Rare 'porcelain gallbladder' found in 100-year-old unmarked grave at Mississippi mental asylum cemetery

Overview of the skeleton (shaded in blue) during excavation. The preserved porcelain gallbladder can be seen in the right side of the woman’s torso.
Overview of the skeleton (shaded in blue) during excavation. The preserved porcelain gallbladder can be seen in the right side of the woman’s torso. (Image credit: Asylum Hill Project, UMMC; Kyle Winters)

About 100 years ago, a woman at Mississippi State Lunatic Asylum died with a condition so rare, it puzzled modern-day archaeologists who were excavating the asylum's unmarked graves. 

But soon, thanks to help from their medical collaborators, the team determined the hard egg-shaped object in the skeletal remains of the woman's torso was a "porcelain gallbladder" — a condition never before found in an archaeological skeleton.

In a study published March 30 in the International Journal of Osteoarchaeology, researchers detailed the rare discovery of a gallbladder that had been preserved for a century. While organs normally decay completely over time after a person's death, in this case, the gallbladder had calcified, a process in which calcium builds up in the muscular wall of the organ, causing it to harden.

The preserved organ, often called a porcelain gallbladder in the medical literature, was associated with the skeleton of a middle-aged woman who was buried in the asylum's cemetery. Founded in 1855 and closed in 1935, the asylum treated tens of thousands of patients, around 7,000 of whom died while in residence and were buried in simple pine boxes with wooden markers. 

The cemetery was rediscovered in 2012 during development of the land, which is now on the grounds of the University of Mississippi Medical Center. Exhumations by the Asylum Hill Project began in 2022, led by UMMC bioarchaeologist Jennifer Mack.

Related: Centuries-old skeleton with massive, crippling bone growth unearthed in Portugal

"Gallbladder disease is fairly common in modern American populations, though rates have increased in the last few decades," Mack told Live Science in an email. But although tiny gallstones have occasionally been found in archaeological contexts, this is the first reported discovery of a porcelain gallbladder in a cemetery burial.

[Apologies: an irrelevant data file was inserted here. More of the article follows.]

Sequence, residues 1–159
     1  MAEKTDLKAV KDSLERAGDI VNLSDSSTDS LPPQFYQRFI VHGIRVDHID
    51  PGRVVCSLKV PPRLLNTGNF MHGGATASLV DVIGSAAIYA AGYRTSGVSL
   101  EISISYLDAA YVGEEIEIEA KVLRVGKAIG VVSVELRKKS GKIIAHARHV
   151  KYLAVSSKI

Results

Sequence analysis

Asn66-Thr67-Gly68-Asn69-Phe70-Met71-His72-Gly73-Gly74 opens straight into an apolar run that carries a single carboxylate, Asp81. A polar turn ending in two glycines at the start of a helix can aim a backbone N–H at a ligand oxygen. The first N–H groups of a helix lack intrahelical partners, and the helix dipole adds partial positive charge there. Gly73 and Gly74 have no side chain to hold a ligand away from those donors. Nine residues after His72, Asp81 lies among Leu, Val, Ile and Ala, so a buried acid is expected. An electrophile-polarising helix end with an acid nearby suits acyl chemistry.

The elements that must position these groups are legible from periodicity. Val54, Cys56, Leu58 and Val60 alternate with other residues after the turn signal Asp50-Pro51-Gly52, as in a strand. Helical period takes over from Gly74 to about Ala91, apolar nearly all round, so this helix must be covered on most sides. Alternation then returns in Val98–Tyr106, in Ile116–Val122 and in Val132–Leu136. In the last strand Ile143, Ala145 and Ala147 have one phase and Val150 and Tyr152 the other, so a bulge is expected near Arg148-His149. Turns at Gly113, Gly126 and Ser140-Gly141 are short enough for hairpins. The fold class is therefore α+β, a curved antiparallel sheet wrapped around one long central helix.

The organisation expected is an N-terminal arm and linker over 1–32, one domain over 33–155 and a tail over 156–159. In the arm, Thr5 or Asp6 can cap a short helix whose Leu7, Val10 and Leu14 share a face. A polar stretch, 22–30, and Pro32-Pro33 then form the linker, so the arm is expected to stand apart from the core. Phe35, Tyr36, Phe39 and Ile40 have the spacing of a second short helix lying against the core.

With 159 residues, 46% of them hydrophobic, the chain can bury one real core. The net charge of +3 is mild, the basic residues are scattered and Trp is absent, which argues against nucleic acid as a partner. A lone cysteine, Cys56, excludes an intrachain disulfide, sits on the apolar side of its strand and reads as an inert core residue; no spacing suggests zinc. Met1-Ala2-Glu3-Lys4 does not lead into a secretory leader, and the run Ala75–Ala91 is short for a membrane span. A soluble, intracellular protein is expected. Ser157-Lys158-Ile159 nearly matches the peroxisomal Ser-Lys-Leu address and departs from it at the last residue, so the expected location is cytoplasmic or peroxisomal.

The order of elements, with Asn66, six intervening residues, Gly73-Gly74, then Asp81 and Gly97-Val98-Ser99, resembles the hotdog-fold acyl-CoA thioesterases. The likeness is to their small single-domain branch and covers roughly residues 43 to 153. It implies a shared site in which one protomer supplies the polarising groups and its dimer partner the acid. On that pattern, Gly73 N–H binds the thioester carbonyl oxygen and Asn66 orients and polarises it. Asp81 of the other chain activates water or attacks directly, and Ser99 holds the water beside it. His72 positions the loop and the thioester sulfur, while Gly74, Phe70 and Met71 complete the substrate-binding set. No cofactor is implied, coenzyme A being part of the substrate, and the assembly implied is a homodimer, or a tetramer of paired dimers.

In modern medical studies, porcelain gallbladder is considered a rare condition resulting from chronic inflammation of the organ, a disease called cholecystitis. The exact reason that porcelain gallbladder forms is unknown, but it is clear that the wall of the organ mineralizes. People with this condition are usually asymptomatic, and it affects women five times more than men. 

A microCT image that shows the structure of the preserved porcelain gallbladder and the gallstone within.  (Image credit: Department of Biomedical Materials Science, UMMC)

Measuring 1.8 inches (46 millimeters) long and 1.1 inches (28.5 mm) wide, the object in the burial weighed just over half an ounce (16.1 grams). It was identified as a porcelain gallbladder through X-rays and micro-CT scans carried out at UMMC because, underneath the irregular surface of the calcified rim, the research team found a single large gallstone.

"It's funny that the object was initially an exciting mystery for the bioarchaeologists," Mack said, "whereas it was identified almost at a glance by the retired surgeon on our project."

Within the first 100 burials recovered by the Asylum Hill Project, the researchers noted in their study, they found five people with gallstones in addition to the woman with porcelain gallbladder. "The apparent high proportion of asylum patients with cholecystitis is coincidental," they wrote, "as there is no association between gallbladder disease and mental illness or physiological diseases causing neuropsychiatric symptoms."

Francesco Maria Galassi, a paleopathologist at the University of Lodz in Poland who was not involved in the study, told Live Science in an email that he finds this collaborative research interesting and agrees with the diagnosis. However, Galassi wonders whether medication used in the past could have put these asylum patients at greater risk of gallbladder disease.

"For example," Galassi said, "opium use is known to contribute to the spasm of the sphincter of Oddi," a muscle that opens and closes so bile and pancreatic juice can flow into the small intestine, resulting in the slowing or stoppage of bile in the tube connecting the liver and gallbladder. Galassi suggested that, if possible, "it would make sense to investigate the drugs administered to the patients of this lunatic asylum and evaluate potential health correlations."

While the asylum closed prior to the beginning of the antibiotic era, Mack said, "It's too early in the process of historical records research to really say anything about what pharmaceutical treatments were being regularly provided for physiological or mental illnesses."

Additional testing of the contents of the porcelain gallbladder may happen in the future, the researchers wrote in the study. The goal would be to create a chemical composition database that will help archaeologists better identify gallstones, Mack said. 

Kristina Killgrove
Live Science contributor

Kristina Killgrove is an archaeologist with specialties in ancient human skeletons and science communication. Her academic research has appeared in numerous scientific journals, while her news stories and essays have been published in venues such as Forbes, Mental Floss and Smithsonian. Kristina earned a doctorate in anthropology from the University of North Carolina at Chapel Hill and also holds bachelor's and master's degrees in classical archaeology.